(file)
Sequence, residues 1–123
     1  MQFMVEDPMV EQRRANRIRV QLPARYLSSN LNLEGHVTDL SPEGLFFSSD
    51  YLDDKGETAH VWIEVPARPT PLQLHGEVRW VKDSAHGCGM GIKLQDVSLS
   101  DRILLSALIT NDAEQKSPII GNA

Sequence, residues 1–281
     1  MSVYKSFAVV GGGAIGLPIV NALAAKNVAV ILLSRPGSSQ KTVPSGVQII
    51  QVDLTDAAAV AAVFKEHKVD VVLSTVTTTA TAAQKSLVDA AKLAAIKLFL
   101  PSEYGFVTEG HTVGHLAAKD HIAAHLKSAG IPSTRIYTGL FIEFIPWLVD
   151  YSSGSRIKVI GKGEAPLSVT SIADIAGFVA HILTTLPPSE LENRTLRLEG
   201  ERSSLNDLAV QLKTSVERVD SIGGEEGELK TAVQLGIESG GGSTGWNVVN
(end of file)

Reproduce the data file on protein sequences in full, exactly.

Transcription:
Sequence, residues 1–123
     1  MQFMVEDPMV EQRRANRIRV QLPARYLSSN LNLEGHVTDL SPEGLFFSSD
    51  YLDDKGETAH VWIEVPARPT PLQLHGEVRW VKDSAHGCGM GIKLQDVSLS
   101  DRILLSALIT NDAEQKSPII GNA

Sequence, residues 1–281
     1  MSVYKSFAVV GGGAIGLPIV NALAAKNVAV ILLSRPGSSQ KTVPSGVQII
    51  QVDLTDAAAV AAVFKEHKVD VVLSTVTTTA TAAQKSLVDA AKLAAIKLFL
   101  PSEYGFVTEG HTVGHLAAKD HIAAHLKSAG IPSTRIYTGL FIEFIPWLVD
   151  YSSGSRIKVI GKGEAPLSVT SIADIAGFVA HILTTLPPSE LENRTLRLEG
   201  ERSSLNDLAV QLKTSVERVD SIGGEEGELK TAVQLGIESG GGSTGWNVVN